Doing Well For My Kids, Without Holding Back Others

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(Unsplash via Pexels)

Start telling one section of society that they're holding back another, and you'll get fierce reactions in no time.

That's just what Richard Reeves is doing in his new book, “Dream Hoarders: How the American Upper Middle Class Is Leaving Everyone Else In The Dust, Why That Is A Problem, And What To Do About It." He joined us on our show today, and received excited responses — both positive and negative — online and on air.

Virginia, a caller from Winchester, Massachusetts, said Reeves was misplacing his blame. High costs of living, not hardworking Americans, contribute to class divisions, she said.

"I'm frankly infuriated by this conversation," Virginia told us on air.

She said she lives in an affluent community with safe neighborhoods and good schools for her kids, but doesn't see herself as a selfish "dream hoarder," as Reeves might say.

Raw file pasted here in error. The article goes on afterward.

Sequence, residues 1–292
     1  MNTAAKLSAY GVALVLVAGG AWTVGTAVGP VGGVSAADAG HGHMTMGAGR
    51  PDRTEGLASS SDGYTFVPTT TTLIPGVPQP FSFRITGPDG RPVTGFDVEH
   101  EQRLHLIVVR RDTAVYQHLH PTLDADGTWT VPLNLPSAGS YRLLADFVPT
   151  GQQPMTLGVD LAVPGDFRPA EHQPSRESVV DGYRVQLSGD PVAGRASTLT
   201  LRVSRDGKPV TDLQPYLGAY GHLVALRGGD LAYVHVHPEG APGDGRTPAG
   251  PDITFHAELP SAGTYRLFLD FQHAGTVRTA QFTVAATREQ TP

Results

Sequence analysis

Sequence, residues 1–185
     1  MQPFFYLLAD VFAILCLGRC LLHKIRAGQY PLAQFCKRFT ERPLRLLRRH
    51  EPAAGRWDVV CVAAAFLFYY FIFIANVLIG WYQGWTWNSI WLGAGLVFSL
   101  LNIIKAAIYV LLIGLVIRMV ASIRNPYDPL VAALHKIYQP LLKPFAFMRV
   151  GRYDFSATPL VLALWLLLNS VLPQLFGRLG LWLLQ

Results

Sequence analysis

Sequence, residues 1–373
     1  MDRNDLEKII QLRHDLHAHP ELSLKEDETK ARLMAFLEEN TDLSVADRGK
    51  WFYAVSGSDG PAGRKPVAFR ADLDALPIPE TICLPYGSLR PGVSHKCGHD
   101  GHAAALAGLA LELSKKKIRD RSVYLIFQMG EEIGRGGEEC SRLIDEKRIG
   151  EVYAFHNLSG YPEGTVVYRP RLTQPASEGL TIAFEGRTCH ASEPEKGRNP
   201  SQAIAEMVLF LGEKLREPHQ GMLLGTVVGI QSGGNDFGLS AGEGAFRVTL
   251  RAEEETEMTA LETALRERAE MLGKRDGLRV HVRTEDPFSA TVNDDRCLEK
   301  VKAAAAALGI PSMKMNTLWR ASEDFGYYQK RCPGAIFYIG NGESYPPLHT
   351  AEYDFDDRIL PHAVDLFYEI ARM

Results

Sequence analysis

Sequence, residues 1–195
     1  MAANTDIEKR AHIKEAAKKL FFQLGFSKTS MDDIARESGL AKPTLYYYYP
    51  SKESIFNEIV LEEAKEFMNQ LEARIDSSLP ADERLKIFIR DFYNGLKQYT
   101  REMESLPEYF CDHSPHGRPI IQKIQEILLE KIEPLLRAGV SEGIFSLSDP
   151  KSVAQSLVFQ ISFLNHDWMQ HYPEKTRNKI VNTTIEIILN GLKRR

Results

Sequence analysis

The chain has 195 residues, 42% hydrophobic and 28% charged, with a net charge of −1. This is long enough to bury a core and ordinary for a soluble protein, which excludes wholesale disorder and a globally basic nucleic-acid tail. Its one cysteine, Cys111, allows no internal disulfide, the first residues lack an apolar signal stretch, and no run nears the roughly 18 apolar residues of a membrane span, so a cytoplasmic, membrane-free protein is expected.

"This notion that I don't recognize how blessed I am," she said, "that I can live in a community where my kids aren't having horrible things happen to them or gunfire going off, or something like that, and I don't appreciate it — is crazy."

Reeves, happy to engage Virginia's point of view, was quick to point out that the fault of the upper middle class isn't with parenting choices, but policy priorities.

"Nothing in my argument or my book is about blaming parents for wanting to be good parents," he said.

Rather, the upper middle class crosses into "hoarding" territory when they oppose school integrations and more inclusive zoning practices. Or when they flex their legacy and affluence to get their child into a good college or choice internship.

"There's a big difference between being a good parent and living, as I do, in a safe neighborhood with good public schools and so on," Reeves said, "and rigging the system in our favor."

Reeves also argues that the members of the upper middle class, a demographic he defines by a household income in the top 20 percent of society, fail to see just how good they have it.

"You end up convincing yourself that things are really pretty tough for me," he said. "Well they're not as tough as people pretend they are."

And was our caller Virginia convinced by Reeves' argument?

"I am just the opposite," she said. "I almost hung up."

This segment originally aired during this show.

This segment aired on June 21, 2017.


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